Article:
[Updated on Apr. 18] Integration of CiNii Articles into CiNii Research

Relationship between the cAMP levels in leukocytes and the cytokine balance in patients surviving gram negative bacterial pneumonia

  • Matsumoto Tomio
    Department of Surgery, Division of Frontier Medical Science, Graduate School of Biomedical Sciences, Hiroshima University
  • Hayamizu Keisuke
    Major in Medical Engineering and Technology, Graduate School of Medical Technology and Health Welfare Sciences, Hiroshima International University
  • Marubayashi Seiji
    Department of Surgery, Ajina Tsuchiya Hospital
  • Shimizu Kiyoshi
    Major in Medical Engineering and Technology, Graduate School of Medical Technology and Health Welfare Sciences, Hiroshima International University
  • Hamamoto Aki
    Major in Medical Engineering and Technology, Graduate School of Medical Technology and Health Welfare Sciences, Hiroshima International University
  • Yamaguchi Tsuyoshi
    Department of Surgery, Division of Frontier Medical Science, Graduate School of Biomedical Sciences, Hiroshima University
  • Hashizume Junji
    Department of Surgery, Division of Frontier Medical Science, Graduate School of Biomedical Sciences, Hiroshima University
  • Onabe Takashi
    Department of Surgery, Onabe Surgical Hospital
  • Asahara Toshimasa
    Department of Surgery, Division of Frontier Medical Science, Graduate School of Biomedical Sciences, Hiroshima University
  • Ohdan Hideki
    Department of Surgery, Division of Frontier Medical Science, Graduate School of Biomedical Sciences, Hiroshima University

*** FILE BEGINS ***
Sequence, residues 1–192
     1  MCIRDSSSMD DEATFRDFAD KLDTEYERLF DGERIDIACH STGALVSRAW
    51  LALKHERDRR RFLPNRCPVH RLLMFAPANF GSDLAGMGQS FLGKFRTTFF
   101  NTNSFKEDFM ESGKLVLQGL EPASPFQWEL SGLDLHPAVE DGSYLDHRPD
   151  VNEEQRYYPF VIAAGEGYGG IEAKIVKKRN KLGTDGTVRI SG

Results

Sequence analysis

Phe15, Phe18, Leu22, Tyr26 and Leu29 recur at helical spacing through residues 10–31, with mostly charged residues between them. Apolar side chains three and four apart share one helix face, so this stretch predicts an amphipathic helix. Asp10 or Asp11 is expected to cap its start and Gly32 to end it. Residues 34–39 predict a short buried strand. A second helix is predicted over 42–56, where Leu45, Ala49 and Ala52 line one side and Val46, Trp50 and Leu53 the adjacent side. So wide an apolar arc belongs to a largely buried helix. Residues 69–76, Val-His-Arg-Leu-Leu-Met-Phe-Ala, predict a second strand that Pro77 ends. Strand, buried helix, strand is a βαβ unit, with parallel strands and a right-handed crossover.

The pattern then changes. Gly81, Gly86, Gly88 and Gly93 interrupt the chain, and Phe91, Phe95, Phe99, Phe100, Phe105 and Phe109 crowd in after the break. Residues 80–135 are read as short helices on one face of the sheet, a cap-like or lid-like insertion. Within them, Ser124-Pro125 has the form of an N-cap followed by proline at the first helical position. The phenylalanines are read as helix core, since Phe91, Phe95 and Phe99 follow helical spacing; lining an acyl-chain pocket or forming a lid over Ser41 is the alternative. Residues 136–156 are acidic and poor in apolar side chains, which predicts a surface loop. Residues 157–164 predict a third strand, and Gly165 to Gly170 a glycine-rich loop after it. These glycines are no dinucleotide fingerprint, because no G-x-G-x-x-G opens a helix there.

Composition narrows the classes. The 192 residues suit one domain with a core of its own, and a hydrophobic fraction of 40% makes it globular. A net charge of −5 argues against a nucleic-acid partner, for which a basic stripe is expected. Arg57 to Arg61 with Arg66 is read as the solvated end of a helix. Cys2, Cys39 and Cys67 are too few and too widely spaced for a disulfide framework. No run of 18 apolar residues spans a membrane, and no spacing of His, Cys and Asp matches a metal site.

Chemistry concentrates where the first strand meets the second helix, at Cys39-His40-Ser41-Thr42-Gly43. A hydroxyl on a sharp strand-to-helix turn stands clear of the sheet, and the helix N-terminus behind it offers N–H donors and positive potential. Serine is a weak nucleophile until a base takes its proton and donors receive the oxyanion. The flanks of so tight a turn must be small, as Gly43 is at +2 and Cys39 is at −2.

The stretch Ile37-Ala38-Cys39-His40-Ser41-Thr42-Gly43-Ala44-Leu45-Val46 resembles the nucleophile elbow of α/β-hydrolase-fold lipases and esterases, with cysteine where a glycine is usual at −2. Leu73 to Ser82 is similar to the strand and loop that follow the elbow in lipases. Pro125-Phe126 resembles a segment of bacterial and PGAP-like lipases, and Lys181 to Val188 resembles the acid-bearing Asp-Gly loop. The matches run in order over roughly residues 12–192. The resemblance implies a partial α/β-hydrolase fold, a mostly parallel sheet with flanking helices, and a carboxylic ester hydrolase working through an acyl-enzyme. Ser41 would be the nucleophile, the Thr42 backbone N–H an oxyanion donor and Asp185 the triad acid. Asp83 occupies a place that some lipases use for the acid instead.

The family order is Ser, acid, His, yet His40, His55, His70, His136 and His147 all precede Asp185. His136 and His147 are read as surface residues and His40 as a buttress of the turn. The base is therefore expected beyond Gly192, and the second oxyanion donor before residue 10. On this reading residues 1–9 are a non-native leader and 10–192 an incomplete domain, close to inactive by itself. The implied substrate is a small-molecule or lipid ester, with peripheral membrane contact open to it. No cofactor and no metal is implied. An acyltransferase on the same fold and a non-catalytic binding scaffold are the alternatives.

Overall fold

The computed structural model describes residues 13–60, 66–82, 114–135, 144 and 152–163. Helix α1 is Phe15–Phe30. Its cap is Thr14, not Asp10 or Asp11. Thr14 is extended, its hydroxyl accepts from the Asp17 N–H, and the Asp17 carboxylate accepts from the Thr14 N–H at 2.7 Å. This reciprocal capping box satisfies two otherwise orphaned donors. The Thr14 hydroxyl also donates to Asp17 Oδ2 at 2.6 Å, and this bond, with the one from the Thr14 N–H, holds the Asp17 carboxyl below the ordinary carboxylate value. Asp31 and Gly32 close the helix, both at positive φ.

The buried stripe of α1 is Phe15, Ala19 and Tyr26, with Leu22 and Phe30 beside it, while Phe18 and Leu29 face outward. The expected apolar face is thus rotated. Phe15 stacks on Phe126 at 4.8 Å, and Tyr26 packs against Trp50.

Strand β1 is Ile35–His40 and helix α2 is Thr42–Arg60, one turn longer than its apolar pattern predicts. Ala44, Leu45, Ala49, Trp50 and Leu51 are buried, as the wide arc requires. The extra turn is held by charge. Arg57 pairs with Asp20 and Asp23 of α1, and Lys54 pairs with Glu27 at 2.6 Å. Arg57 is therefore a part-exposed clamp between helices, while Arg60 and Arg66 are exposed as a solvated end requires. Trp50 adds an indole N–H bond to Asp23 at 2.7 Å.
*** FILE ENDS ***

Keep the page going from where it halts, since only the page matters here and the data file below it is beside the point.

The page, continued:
Search this article

Abstract

Lipopolysaccharide-stimulated leukocytes secrete proinflammatory cytokines including tumor necrosis factor-α and interleukin-12. Over-activation of host defense systems may result in severe tissue damage and requires regulation. Granulocyte colony-stimulating factor and interleukin-10 are candidate cytokines for inducing tolerance to lipopolysaccharide re-stimulation. We compared cytokines secreted by lipopolysaccharide-stimulated blood cells from patients who had survived gram negative bacterial pneumonia (Pseudomonas aeruginosa, Escherichia coli or Proteus mirabilis, n = 26) and age-matched healthy volunteers (n = 18). Interleukin-12p70 and tumor necrosis factor-α expression was significantly lower in patients (p = 0.0039 and p<0.001) compared to healthy controls, while granulocyte colony-stimulating factor production was markedly higher in patients (p<0.001). Levels of interleukin-10 were comparable. Granulocyte colony-stimulating factor expression was inversely correlated with interleukin-12p70 (R = −0.71, p<0.001) and tumor necrosis factor-α (R = −0.64, p<0.001) expression; interleukin-10 showed no significant correlation. In unstimulated leukocytes from patients, cAMP levels were significantly raised (p = 0.020) and were correlated inversely with interleukin-12p70 levels (R = −0.81, p<0.001) and directly with granulocyte colony-stimulating factor (R = 0.72, p = 0.0020), matrix metalloproteinase-9 (R = 0.67, p = 0.0067) and interleukin-10 (R = 0.54, p = 0.039) levels. Our results demonstrate that granulocyte colony-stimulating factor production by lipopolysaccharide-stimulated leukocytes is a useful indicator of tolerance induction in surviving pneumonia patients and that measuring cAMP in freshly isolated leukocytes may also be clinically significant.<br>

Journal

References(41)*help

See more

Details

Report a problem

Back to top